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MG MGB Technical - XR700 and Inoperative Tachometer

Sorry to bring it up again.

Confusion reigns on this subject. Tach will not work.

I have more schematics than I need, but here goes:

Note: (with/without Ballast Resistor-depends on coil internal resistance).)

1. Some wire from switch (with no indication that the B+ goes through the double winding on tach input transformer.with tach to negative. Does not work, kills ignition, even with switched b+ going to +coil.

2. I have used the original wiring from the switch through the tach loops to the +coil, flickered and quit, car still runs but no tach and has less power.

3. Currently wired from the switch through the tach loops to the +coil, with additional B+ lead to +coil.
Car runs good, with more power. Running through the tach loops alone makes less voltage=less power.

I know I am ranting, but this has me stumped.

Haven't tried running from _coil to tach loops to ground. This would make a circuit, but effects unknown.
James Huggins

i purhased a xr 700 from us automotive last year and had nothing but problems .the ignition system would not work with out the vacume pipe being blocked.the system is very complicated so i changed the dizzy to a aldon 101by2 and fitted a very simple unit which replaced the points .this system is used by most of the guys who race there cars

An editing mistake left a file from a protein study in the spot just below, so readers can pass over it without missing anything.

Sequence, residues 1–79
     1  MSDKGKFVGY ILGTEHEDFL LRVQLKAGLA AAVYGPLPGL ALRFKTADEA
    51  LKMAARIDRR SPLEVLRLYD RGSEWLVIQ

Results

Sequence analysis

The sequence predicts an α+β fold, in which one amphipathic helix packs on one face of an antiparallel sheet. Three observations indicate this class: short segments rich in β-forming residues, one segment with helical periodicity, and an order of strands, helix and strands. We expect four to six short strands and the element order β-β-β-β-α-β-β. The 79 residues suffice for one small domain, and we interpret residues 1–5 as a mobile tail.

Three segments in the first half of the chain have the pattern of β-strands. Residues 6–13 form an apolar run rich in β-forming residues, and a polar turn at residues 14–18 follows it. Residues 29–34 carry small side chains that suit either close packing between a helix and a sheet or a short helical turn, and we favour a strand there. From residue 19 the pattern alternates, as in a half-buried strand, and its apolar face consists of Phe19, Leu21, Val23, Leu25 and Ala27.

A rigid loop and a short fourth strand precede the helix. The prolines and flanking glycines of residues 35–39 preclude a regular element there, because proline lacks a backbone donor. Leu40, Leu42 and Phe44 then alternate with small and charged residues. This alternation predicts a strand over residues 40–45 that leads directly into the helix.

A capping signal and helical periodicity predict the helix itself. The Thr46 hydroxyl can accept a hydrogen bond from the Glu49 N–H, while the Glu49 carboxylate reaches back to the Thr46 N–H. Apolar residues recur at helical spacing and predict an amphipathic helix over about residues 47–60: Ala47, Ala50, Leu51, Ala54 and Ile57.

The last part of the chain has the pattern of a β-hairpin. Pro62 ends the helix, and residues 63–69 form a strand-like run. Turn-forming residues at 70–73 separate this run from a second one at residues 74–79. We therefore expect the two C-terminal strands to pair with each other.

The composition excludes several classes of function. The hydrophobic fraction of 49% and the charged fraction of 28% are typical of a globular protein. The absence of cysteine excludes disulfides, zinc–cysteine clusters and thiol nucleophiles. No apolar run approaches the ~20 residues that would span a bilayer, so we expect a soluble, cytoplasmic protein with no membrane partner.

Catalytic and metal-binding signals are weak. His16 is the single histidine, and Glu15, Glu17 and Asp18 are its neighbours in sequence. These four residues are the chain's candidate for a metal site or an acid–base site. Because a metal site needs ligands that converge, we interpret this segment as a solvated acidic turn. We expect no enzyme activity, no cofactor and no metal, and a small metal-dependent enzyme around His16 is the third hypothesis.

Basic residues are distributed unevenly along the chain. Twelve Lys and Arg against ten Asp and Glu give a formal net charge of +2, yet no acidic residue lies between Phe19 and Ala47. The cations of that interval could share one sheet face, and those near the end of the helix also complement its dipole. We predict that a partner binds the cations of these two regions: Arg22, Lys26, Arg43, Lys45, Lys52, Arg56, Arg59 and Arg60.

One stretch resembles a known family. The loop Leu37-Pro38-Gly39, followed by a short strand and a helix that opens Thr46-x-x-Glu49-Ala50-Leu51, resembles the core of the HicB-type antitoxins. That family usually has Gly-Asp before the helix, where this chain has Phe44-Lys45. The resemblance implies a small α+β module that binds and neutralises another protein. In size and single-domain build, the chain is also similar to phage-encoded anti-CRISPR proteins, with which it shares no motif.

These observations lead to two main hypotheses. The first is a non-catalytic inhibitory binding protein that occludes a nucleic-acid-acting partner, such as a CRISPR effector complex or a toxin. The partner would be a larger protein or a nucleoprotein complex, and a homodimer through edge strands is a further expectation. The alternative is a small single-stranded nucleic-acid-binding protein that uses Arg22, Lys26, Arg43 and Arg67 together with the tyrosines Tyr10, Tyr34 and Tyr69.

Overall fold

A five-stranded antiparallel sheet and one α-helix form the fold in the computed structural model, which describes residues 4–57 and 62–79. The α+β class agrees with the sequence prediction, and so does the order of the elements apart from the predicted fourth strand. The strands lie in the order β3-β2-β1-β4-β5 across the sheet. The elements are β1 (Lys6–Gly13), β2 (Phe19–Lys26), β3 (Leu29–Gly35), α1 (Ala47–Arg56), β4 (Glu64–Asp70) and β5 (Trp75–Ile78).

What type of tach? 72 and earlier had a current pulse operated tach, with RVI on the face-plate. 73 on had a voltage pulse operated with RVC on the face-plate. The current type are known to have problems with electronic ignition, the latter type usually not, although it will depend on the type of ignition. Only rubber bumper cars had ballasted ignition originally, although some aftermarket electronic ignition systems imply that a ballast must be used.

With the current pulse type the ignition supply must go via the pickup on the back of the tach or the tach will definitely not work. If the supply goes direct the ignition should still work. The tach loop should have zero resistance as it is just a single loop of standard guage wire, not many turns of fine wire for example. If the pickup is internal to the tach case and it brought out to male and female bullet connectors on the back of the case for connection of the harness wires then it is possible that there is a bad connection in the circuit. But this should affect points ignition more than electronic, electronic is supposed to be *less* susceptible to low voltage than points, not more!